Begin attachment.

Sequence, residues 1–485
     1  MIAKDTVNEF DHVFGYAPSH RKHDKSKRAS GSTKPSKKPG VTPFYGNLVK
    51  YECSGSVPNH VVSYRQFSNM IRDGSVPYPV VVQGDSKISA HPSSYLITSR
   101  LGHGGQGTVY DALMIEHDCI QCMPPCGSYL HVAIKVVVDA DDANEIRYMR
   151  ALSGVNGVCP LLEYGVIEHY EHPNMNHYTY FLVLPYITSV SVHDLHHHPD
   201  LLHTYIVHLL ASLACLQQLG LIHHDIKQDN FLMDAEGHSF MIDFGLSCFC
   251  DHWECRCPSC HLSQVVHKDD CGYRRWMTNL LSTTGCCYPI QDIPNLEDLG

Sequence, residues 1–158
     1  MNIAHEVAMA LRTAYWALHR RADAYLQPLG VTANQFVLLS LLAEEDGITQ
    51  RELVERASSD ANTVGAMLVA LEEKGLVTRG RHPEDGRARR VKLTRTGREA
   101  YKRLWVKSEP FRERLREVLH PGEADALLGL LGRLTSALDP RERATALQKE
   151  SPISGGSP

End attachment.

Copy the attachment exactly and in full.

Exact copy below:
Sequence, residues 1–485
     1  MIAKDTVNEF DHVFGYAPSH RKHDKSKRAS GSTKPSKKPG VTPFYGNLVK
    51  YECSGSVPNH VVSYRQFSNM IRDGSVPYPV VVQGDSKISA HPSSYLITSR
   101  LGHGGQGTVY DALMIEHDCI QCMPPCGSYL HVAIKVVVDA DDANEIRYMR
   151  ALSGVNGVCP LLEYGVIEHY EHPNMNHYTY FLVLPYITSV SVHDLHHHPD
   201  LLHTYIVHLL ASLACLQQLG LIHHDIKQDN FLMDAEGHSF MIDFGLSCFC
   251  DHWECRCPSC HLSQVVHKDD CGYRRWMTNL LSTTGCCYPI QDIPNLEDLG

Sequence, residues 1–158
     1  MNIAHEVAMA LRTAYWALHR RADAYLQPLG VTANQFVLLS LLAEEDGITQ
    51  RELVERASSD ANTVGAMLVA LEEKGLVTRG RHPEDGRARR VKLTRTGREA
   101  YKRLWVKSEP FRERLREVLH PGEADALLGL LGRLTSALDP RERATALQKE
   151  SPISGGSP